Stellenbosch Wine Routes and at least 300 wineries across South Africa are throwing their weight behind an official legal application requesting evidence from the Ministry of Cooperative Governance and Traditional Affairs to explain the reintroduction of a blanket ban on the domestic sale and transportation of alcohol.
In an unprecedented show of industry unity, the broad-based wine industry coalition is demanding an explanation from the Minister and questioning the prohibition’s rationality. The wine industry value chain supports almost 300 000 people, and is South Africa’s second-largest exporter of agricultural products.
Stakeholders in the wine-producing value chain were already under tremendous strain due to initial lockdown restrictions. The latest Advanced Level 3 Regulations, issued on 12 July without any consultation with industry, will have a devastating impact on wine producers, hotels and restaurants.

“We question the rationality of newly promulgated regulations that ban wine consumption on wine farms and in restaurants. We also question the regulations which ban the physical or online purchase of wine for consumption at home. Further, we seek clarity on the assumption that the above actions will lead to the overburdening of South Africa’s health system, especially when the volume can effectively be regulated and limited,” said Mike Ratcliffe, Chair of Stellenbosch Wine Routes and Visit Stellenbosch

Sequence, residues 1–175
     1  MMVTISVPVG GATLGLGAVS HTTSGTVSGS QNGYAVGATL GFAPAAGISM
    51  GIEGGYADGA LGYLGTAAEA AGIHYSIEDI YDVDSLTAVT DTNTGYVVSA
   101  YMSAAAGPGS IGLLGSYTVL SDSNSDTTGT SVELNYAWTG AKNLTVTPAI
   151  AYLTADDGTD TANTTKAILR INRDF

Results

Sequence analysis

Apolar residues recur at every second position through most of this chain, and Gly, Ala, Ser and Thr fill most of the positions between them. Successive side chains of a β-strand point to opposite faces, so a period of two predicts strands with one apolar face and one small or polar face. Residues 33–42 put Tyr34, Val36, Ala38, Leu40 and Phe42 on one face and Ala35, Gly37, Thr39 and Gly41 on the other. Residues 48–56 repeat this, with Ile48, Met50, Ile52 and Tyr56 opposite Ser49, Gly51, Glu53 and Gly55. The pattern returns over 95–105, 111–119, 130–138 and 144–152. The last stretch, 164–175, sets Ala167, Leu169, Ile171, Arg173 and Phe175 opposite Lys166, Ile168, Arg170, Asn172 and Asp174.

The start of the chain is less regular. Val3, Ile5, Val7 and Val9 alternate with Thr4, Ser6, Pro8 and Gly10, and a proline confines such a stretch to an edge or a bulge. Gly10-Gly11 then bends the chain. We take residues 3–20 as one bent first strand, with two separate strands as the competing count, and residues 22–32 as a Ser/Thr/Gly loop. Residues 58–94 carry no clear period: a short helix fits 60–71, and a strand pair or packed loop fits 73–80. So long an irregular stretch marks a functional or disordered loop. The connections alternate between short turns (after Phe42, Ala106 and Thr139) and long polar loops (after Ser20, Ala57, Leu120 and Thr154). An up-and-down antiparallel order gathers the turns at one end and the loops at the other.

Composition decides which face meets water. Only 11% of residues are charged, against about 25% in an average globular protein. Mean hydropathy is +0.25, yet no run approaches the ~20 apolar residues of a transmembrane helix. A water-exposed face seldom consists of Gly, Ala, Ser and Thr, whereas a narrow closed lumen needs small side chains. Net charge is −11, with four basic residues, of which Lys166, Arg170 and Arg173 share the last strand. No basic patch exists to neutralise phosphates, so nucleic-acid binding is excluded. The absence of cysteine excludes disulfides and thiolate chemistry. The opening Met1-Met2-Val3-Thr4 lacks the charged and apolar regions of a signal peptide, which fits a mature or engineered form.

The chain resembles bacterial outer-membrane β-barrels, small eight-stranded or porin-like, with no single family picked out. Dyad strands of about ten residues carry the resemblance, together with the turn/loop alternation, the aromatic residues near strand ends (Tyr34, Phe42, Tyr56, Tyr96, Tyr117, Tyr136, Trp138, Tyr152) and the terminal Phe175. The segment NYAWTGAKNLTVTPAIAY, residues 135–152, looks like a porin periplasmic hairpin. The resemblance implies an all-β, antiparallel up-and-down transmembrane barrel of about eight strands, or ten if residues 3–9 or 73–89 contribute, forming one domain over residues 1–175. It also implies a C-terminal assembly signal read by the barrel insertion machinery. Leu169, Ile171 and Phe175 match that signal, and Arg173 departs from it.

Uniting behind this legal application, brought by Southern African Agri Initiative, are: Stellenbosch Wine Routes, Visit Stellenbosch, the Paarl Wine Route Association, Hemel en Aarde Wine Growers Association, Franschhoek Wine Valley Tourism Association, the Wellington Wine Route Association, as well as Fairview Investments, Rust and Vrede Wynlandgoed, Welbedacht Wines and the South African Sommelier Academy.  In addition, the legal motion is receiving support from a number of wine regions and stakeholders.

The new regulations are taking a major toll on employment, according to Ratcliffe.

“For most restaurants, business under the new regulations is now simply unsustainable. We need an inclusive solution whereby the industry is consulted, so that we can move forward in a measured, responsible manner – one which supports the Government’s objective of balancing lives with livelihoods,” he added.

Picture: Pixabay

Article written by

Lucinda Dordley

Lucinda is a hard news writer who occasionally dabbles in lifestyle writing, and recent journalism graduate. She is a proud intersectional feminist, and is passionate about actively creating a world which is free of discrimination and inequality.